Read it all.

Posted in * Anglican - Episcopal, - Anglican: Commentary, --Aggressive Title IV Action Against Multiple Bishops on Eve of Gen. Con. 2012, Episcopal Church (TEC), Ethics / Moral Theology, Pastoral Theology, Presiding Bishop, TEC Conflicts, TEC Conflicts: South Carolina, TEC Polity & Canons, Theology

(SHNS) Terry Mattingly: Boy Scouts, Catholics and the future

For Catholics, he wrote, the key isn’t to be pulled into speculation, but to seek a logical and compassionate application of all church teachings linked to homosexuality.

The line between orientation and behavior is crucial, due to a clarification issued by the Boy Scouts: “Any sexual conduct, whether homosexual or heterosexual, by youth of Scouting age is contrary to the virtues of Scouting.”

This firm statement, Peters argued online, “seems wholly in line with sound Catholic teaching against sexual activity outside of marriage and stands in welcome contrast to the indifference toward premarital sex shown by some other youth organizations. Aside from youth programs expressly oriented toward chastity, I know of no other secular organization that so clearly declares all sexual conduct by its youth members to be contrary to its values as does the Boy Scouts.”

Read it all.

Posted in * Culture-Watch, * Religion News & Commentary, --Civil Unions & Partnerships, Anthropology, Ethics / Moral Theology, Law & Legal Issues, Marriage & Family, Men, Other Churches, Religion & Culture, Roman Catholic, Sexuality, Teens / Youth, Theology

(Art News) Anglican court says Benjamin West altarpiece can go to Boston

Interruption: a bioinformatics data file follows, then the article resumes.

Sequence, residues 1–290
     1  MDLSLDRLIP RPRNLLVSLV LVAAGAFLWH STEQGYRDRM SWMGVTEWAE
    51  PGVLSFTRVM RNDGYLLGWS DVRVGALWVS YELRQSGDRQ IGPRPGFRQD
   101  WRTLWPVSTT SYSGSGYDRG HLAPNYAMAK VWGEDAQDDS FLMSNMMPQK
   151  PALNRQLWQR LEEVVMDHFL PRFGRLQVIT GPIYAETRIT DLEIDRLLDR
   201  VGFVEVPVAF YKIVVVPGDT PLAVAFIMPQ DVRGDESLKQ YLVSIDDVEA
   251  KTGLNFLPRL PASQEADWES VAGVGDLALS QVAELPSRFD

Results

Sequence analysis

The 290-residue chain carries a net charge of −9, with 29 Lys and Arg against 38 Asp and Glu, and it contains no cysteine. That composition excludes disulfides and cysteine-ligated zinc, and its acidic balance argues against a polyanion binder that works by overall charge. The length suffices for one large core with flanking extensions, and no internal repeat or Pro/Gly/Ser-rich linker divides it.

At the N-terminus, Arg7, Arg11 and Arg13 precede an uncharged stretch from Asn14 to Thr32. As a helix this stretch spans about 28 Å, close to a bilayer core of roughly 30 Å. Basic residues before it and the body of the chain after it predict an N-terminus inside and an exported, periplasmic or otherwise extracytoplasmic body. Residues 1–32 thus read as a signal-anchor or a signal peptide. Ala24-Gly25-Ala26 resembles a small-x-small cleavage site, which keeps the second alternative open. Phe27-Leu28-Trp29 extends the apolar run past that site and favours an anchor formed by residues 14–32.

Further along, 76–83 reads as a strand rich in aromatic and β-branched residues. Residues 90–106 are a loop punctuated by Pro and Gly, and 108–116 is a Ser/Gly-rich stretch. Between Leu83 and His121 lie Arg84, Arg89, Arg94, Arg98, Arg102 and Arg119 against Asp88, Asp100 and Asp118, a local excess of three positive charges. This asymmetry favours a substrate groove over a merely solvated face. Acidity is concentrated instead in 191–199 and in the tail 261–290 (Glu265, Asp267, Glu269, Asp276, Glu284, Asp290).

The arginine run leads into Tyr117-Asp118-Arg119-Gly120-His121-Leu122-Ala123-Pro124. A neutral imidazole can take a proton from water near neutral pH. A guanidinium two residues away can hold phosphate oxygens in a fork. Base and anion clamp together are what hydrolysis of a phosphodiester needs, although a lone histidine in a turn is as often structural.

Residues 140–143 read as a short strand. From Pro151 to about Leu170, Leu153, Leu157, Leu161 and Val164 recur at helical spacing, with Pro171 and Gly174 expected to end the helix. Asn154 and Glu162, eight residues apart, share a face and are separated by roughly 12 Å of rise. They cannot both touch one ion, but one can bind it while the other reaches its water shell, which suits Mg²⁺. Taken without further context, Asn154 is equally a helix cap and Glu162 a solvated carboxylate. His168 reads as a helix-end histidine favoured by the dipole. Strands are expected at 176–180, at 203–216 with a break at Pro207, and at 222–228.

A Church of England court has ruled that Benjamin West’s altarpiece, Devout Men Taking Away the Body of St Stephen, 1776, which was made for one of the most important churches in the City of London can be sold for display in the US. The $2.85m painting is being bought by an anonymous foundation, which is due to lend it to the Museum of Fine Arts, Boston (The Art Newspaper, April 2013, pp6-7 and June 2013, p3). West was born in America, but worked in England.

In his judgment, delivered on 10 July, Judge Nigel Seed, chancellor of the consistory court of the Diocese of London, ruled that St Stephen Walbrook should be allowed to sell the masterpiece. The painting had been removed from the church in around 1987, in what he described as “perceived illegal actions”, and has since been kept in storage.

Judge Seed was critical of “unlawful actions” taken by two priests at St Stephen Walbrook: one who had originally hung the picture in 1776 without “faculty” approval from the Church of England and the second who had removed it in around 1987, again without the necessary permission. He said: “This case, if nothing else, is an object lesson of the consequences of incumbents behaving as though the church building is a sort of personal doll’s house for them to play with, without reference to the parishioners.”

Read it all.

Posted in * Anglican - Episcopal, * Christian Life / Church Life, * Culture-Watch, Anglican Provinces, Art, Church of England (CoE), Parish Ministry, Stewardship